The Essential P. K. Page by P. K. Page
P. K. Page needs no introduction. This is a poet who writes in many genres and on an infinite number of subjects. The source of her poetry is always love – whether in vivid portraits of her inner and outer landscapes; startling insights into the past, the present, the future; illumination of some tiny detail of ordinary life; or admonishments for our neglect of the earth and of each other. Page is an alchemist who turns language into pure gold, a magician who dazzles with sleight of mind. The Essential P. K. Page is perceptive, elegant, romantic (yet never sentimental), sometimes downright funny, wholly conscious.
This is the second volume in our ‘Essential Poets’ series. Our aim is to provide the best possible introduction to a prominent Canadian poet by selecting key works that carry the essence of an individual poetic voice and sensibility. By offering a small but carefully considered selection it is hoped these chapbooks will invite an intimate acquaintance and ongoing engagement with the poems. Selected by Arlene Lampert and Théa Gray, the collection is admittedly wildly idiosyncratic and certain to be controversial. Arranged alphabetically for easy reference, these poems do not reflect a ‘young’ or a ‘mature’ voice; for Page, time is not linear and change does not occur along a narrow path. Think of this volume as a sort of pocket P. K. Page making its way into backpacks, carry-on luggage, doctors’ waiting rooms ...
2009—Alcuin Award for Excellence in Book Design,
Table of contents
9 Address at Simon Fraser (excerpt)
10 After Rain
12 After Reading Albino Pheasants by Patrick Lane
14 Ah, by the golden lilies
16 Ancestors (from Melanie’s Nite-Book)
18 Another Space
22 As on a Dark Charger
23 A Backwards Journey
24 Beside You
26 Deaf Mute in the Pear Tree
28 Dwelling Place
29 Evening Dance of the Grey Flies
30 The Filled Pen
31 Funeral Mass
32 A Grave Illness
33 Hand Luggage (excerpt one)
33 Hand Luggage (excerpt two)
34 Hand Luggage (excerpt three)
38 Leather Jacket
39 Like a Cruise Ship
40 Macumba: Brazil
42 Man with One Small Hand
43 The Mole
43 Motel Pool
44 The New Bicycle
45 On Educating the Natives
45 Picking Daffodils
46 Poem Canzonic with love to AMK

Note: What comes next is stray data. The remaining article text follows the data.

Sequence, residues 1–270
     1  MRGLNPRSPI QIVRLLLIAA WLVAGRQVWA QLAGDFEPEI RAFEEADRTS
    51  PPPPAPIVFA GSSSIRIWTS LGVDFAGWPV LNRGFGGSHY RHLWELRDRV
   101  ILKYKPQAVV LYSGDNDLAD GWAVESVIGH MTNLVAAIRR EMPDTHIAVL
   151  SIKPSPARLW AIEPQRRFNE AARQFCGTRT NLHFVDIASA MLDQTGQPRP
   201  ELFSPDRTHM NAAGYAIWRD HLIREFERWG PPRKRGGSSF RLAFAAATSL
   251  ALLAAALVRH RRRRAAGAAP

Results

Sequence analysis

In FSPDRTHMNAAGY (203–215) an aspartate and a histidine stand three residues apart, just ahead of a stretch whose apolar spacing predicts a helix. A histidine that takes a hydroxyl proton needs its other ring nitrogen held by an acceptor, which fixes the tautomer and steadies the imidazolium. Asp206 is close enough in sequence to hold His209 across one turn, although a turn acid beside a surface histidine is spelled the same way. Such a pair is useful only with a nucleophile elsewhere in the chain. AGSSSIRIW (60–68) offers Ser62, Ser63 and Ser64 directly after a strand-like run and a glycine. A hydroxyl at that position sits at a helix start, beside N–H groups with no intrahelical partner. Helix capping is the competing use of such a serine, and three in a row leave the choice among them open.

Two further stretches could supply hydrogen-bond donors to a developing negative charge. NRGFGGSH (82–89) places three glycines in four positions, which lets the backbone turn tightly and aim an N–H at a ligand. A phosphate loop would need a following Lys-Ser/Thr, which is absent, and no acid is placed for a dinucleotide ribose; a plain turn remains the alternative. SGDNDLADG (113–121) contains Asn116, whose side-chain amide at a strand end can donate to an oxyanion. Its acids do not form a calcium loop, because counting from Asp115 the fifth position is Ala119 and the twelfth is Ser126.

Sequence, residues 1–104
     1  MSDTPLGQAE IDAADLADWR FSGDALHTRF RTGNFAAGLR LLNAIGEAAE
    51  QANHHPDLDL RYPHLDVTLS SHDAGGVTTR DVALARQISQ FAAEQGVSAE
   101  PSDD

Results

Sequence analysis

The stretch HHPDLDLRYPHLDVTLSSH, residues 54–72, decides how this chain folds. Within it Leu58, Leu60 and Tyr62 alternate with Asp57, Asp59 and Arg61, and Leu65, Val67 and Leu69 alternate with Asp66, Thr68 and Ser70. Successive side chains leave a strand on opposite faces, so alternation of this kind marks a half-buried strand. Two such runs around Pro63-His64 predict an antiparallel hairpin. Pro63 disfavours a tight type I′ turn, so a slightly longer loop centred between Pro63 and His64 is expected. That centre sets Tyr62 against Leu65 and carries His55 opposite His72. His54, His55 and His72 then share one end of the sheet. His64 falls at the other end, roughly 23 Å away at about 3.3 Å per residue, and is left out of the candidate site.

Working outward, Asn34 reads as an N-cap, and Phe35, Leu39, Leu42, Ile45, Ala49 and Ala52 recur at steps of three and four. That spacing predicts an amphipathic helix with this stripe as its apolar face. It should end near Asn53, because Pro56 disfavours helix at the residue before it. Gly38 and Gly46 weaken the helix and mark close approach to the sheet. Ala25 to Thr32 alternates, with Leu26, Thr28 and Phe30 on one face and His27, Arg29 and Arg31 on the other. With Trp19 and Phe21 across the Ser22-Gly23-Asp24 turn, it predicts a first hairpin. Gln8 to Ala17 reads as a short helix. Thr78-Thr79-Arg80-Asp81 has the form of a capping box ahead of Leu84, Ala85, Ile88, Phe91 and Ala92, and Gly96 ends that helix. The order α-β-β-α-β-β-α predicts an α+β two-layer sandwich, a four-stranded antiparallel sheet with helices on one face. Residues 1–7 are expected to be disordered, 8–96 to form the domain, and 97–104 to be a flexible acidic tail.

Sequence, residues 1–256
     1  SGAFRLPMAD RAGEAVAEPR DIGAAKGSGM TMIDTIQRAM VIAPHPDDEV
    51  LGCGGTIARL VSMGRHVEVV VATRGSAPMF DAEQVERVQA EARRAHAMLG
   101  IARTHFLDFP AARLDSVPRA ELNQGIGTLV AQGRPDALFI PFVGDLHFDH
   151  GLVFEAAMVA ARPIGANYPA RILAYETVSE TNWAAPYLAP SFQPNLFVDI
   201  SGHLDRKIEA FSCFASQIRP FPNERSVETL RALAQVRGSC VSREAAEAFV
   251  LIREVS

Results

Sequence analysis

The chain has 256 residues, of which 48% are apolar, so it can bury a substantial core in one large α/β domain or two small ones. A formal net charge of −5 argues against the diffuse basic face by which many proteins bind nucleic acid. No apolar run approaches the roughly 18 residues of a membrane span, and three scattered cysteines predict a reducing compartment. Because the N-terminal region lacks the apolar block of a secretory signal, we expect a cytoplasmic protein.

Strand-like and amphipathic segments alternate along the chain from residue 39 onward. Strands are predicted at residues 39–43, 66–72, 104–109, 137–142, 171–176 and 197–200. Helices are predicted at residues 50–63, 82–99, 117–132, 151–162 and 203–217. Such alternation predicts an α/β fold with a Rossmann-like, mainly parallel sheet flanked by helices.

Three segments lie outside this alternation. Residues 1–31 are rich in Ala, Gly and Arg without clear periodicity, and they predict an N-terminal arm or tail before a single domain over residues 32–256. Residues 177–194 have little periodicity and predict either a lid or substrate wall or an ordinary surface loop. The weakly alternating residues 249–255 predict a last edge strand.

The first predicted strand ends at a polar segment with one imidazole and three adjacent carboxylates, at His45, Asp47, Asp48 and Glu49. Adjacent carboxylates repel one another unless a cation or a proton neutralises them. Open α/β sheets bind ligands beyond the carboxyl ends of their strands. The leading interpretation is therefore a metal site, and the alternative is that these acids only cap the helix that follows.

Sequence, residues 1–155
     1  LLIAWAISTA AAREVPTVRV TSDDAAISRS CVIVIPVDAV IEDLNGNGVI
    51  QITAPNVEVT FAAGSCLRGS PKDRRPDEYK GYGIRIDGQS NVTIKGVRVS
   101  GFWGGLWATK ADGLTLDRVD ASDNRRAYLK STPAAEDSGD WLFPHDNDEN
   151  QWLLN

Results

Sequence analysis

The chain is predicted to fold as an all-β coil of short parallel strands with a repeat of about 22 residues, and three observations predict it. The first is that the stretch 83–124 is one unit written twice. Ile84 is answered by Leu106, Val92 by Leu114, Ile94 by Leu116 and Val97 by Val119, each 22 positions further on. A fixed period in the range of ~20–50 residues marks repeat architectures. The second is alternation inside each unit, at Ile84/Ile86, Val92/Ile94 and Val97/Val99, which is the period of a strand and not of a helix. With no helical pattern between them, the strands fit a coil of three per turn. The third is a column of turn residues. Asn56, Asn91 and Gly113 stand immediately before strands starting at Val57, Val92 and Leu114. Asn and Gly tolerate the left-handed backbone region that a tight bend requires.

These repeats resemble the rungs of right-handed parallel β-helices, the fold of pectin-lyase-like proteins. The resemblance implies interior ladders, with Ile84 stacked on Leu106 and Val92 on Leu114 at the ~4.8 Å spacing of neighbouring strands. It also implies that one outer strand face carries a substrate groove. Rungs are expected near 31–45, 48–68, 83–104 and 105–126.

49 The Selves
50 Soft Travellers
53 Stories of Snow
56 This Heavy Craft
56 This Sky
57 Traveller’s Palm
58 Winter Morning
58 The World
59 Young Girls
60 Zero Is Zero
62 About P. K. Page
‘Elegant, rigorous, fresh, P. K. Page’s work sings with a voice of independent character and maenad conjecture. It is a creature that lives on its own terms and terrain. It is startling, authoritative, and anti-sentimental, able to bear cool as well as passionate gazing at our own species. Her poems are always thinking -- each line is thinking, while its six senses remain impeccably alert. Her poems live by wit, wisdom, sass, suspense and a muscular lissome synapse and diction. They are daring in scope, meticulous in accomplishment, and boldly moral -- with a lovely flavour of amoral verve! We fall under the charm of her reasoning, of her fecund, fastidious imagination, of her many musics, and of her necessariness to us, her essentialness.’
—Griffin Prize citation
‘... Northrop Frye uses the phrases ‘‘metallic glitter’’ and ‘‘imaginative wisecracks’’ to describe Page’s poems.... Those who enjoy ‘‘glitter’’ in poetry will appreciate the diction, imagery, and acoustics of Page’s phrasings, as in ‘‘Evening Dance of the Grey Flies’’.’
—Maxianne Berger, Rover Arts Montreal
‘Born in England, Patricia Kathleen (P. K.) Page moved to Canada in 1919, at the age of three. She has lived in New Brunswick, Quebec, Manitoba, and Alberta and now makes her home in British Columbia, in the capital city of Victoria on Vancouver Island. At age 92 she is writing more than ever. This latest collection of her poetry, The Essential P. K. Page, is aptly named. Any fan of her work, of Canadiana, of poetry in general, needs to own this book. The works contained within are dense and chewy, both requiring and creating thought, and keeping all five of the reader’s senses involved in the pleasure of reading them. What makes Page’s poems so unusual is their apparent rejection of the idea that thought and emotion, thinking and feeling, are different and must be kept separate. P. K. Page thinks with her heart, loves with her mind, and leaves us a wonderful, tangled mess of imagination and possibility. I hope she lives well into her triple-digits, and brings us many more portraits painted as beautifully, as movingly as The Essential P. K. Page.’